Midnight’s Children is a 1981 novel by Salman Rushdie. It deals with India’s transition from British colonialism to independence and the partition of India. It is considered to be an example of postcolonial, postmodern, and magical realist literature.
You can read more about the book here:
Saleem Sinai is born at the stroke of midnight on August 15, 1947, the very moment of India’s independence. Greeted by fireworks displays, cheering crowds, and Prime Minister Nehru himself, Saleem grows up to learn the ominous consequences of this coincidence. His every act is mirrored and magnified in events that sway the course of national affairs; his health and well-being are inextricably bound to those of his nation; his life is inseparable, at times indistinguishable, from the history of his country. Perhaps most remarkable are the telepathic powers linking him with India’s 1,000 other “midnight’s children,” all born in that initial hour and endowed with magical gifts.
Divided into three parts, the novel begins with the story of Siani’s family and the various events that lead to India’s independence and eventually to partition. Born precisely at the midnight, Saleem was born with telepathic powers and later discovers that all the kids born in India between 12 A.M. and 1 A.M. are impregnated with the special power.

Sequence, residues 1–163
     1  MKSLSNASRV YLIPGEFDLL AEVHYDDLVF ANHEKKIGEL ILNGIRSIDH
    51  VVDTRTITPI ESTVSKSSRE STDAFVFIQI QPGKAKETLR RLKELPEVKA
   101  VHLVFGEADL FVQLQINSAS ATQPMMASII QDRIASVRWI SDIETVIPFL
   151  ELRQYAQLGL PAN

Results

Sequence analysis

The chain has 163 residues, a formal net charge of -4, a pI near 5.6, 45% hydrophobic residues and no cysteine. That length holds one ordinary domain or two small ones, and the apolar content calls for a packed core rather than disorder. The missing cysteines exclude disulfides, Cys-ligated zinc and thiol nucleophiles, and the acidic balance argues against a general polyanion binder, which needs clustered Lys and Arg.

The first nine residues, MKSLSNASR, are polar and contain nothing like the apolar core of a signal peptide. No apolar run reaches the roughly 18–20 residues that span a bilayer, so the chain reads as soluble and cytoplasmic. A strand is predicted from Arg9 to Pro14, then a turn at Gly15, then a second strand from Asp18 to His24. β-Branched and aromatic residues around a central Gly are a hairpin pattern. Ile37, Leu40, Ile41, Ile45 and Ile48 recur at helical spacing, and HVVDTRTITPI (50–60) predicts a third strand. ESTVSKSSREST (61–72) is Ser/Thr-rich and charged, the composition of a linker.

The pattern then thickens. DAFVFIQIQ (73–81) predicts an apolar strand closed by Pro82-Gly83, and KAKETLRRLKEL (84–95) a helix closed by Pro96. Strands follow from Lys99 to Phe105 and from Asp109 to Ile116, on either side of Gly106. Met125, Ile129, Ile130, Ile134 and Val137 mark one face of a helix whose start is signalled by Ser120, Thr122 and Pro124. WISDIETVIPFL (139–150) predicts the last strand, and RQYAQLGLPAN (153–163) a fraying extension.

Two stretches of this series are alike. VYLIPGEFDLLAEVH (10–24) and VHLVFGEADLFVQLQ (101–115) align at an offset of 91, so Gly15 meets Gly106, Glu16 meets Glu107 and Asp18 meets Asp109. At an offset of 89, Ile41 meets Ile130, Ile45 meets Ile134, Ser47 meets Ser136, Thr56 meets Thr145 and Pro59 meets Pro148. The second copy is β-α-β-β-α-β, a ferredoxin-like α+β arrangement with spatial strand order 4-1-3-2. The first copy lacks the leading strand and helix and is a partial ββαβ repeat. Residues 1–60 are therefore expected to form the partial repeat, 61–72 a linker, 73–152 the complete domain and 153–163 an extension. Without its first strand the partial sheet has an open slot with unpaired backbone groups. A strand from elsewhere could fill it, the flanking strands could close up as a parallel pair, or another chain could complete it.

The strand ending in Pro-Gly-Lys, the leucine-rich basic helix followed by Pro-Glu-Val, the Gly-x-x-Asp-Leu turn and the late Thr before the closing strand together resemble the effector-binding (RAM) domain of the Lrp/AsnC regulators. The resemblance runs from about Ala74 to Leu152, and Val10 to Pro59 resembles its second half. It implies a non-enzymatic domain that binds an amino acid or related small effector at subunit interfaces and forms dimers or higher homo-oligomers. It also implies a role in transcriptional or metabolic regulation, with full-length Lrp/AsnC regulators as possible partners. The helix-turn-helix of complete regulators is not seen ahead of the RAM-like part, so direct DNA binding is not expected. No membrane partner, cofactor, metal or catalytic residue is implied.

Using his telepathic powers, he assembles a conference with all kids to reflect upon issues like culture, linguistic, religion, and political differences to shape the nation. Highlighting the relation between father and son and a nation yet in its nascent stage, it is an enchanting family adventure with lots of human drama and shocking summoning.
About the author:
Of Indian origin, Sir Ahmad Salman Rushdie born on 18 June 1947 is one of the best living writers in English. Combining historical fiction with magical realism, Rushdie has been courting controversy ever since Midnight’s Children was published in 1981. The novel went onto win the Booker Prize. The Satanic Verses, his fourth novel published in 1988, was banned in India and many Islamic countries. Facing death threats the author was granted protection in England. He moved to the USA in 2000, where he currently lives.
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